21-year-old Abdeljalil S'hit and 23-year-old Yasser Aboukir recently discovered a serious vulnerability in Microsoft's Windows Live service. The two young security researchers from Morocco responsibly reported it to the software giant even though the company does not provide any compensation for doing so.
The vulnerability in question leveraged Cross-Site Scripting (XSS) to execute a malicious script. More specifically, the two researchers managed to cause an error on the Windows Live login page (as you can see above), and once the victim clicked on the "Continue" button, their malicious script would be executed.
The XSS flaw meant that an attacker could impersonate a Windows Live user by gaining full control of the victim's cookies. Combined with social engineering, this technique could be used to steal a victim's Windows Live identity with ease. Aboukir informed me that the vulnerability was described as "critical" by the Microsoft Security Research Center (MSRC).
While the MSRC was internally investigation the issue, the two young men were asked to respect Microsoft's coordinated vulnerability disclosure guidelines and not report the issue publicly until it could be addressed. Apparently, it took Microsoft three months to come up with a patch.
"We have created a code change to address the issue and are now testing the changes," a Microsoft spokesperson told the duo. "Because changes to the site may affect a large number of users the testing requirements prior to production release are lengthy. Based on the testing schedule and barring any significant regressions the team expects to release an update into production in early May."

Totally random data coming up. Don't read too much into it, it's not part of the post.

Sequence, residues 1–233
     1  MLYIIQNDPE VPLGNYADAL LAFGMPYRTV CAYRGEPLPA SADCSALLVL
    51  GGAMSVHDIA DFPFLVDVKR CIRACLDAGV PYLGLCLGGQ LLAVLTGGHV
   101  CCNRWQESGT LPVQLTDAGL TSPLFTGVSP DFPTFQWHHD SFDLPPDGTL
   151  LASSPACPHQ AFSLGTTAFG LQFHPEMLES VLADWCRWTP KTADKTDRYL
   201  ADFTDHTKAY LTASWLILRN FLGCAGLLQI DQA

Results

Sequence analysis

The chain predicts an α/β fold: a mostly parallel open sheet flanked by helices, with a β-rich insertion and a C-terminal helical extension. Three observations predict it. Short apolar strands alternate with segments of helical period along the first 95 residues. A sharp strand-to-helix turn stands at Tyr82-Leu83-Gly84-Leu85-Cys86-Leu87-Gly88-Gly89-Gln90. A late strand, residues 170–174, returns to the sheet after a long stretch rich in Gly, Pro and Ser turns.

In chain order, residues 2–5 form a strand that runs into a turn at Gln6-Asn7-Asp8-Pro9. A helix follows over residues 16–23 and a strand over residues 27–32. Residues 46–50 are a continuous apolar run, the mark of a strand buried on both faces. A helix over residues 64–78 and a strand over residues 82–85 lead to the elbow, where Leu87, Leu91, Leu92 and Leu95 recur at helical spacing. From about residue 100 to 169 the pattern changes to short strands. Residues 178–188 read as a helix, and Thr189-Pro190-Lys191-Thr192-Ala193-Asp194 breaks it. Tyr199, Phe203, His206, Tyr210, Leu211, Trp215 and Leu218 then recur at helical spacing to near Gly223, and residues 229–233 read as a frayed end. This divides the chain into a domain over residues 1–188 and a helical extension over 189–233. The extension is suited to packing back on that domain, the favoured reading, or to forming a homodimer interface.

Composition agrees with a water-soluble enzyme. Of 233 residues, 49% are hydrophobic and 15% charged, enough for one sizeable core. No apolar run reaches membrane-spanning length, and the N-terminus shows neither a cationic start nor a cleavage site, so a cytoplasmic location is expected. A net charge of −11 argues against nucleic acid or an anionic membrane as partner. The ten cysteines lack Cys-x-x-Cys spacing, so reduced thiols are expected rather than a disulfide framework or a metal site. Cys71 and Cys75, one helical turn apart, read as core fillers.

Aboukir tells me, however, that the issue was not completely resolved until mid-June. Now that it has been, however, he felt comfortable to share his story with me. He also noted: "You are the first to be contacted about this issue. This 0day was fixed according to responsible disclosure ethics and was not communicated for any third party."
Aboukir describes himself as "a fresh graduated engineer specialized on information security." He described his friend as a "Computer Science engineering student." Both have been featured on Microsoft's list of June 2012 Security Researchers for properly disclosing a valid flaw to Redmond. There is no doubt in my mind that the two have a bright future ahead of them.
As for the issue at hand, I have contacted Microsoft for a statement and will update you if I hear back.
Update at 11:00PM PST - "We quickly addressed the vulnerability in question to help keep customers protected and appreciate the researchers using Coordinated Vulnerability Disclosure to assist in us working toward a fix in a coordinated manner," a Microsoft spokesperson said in a statement.
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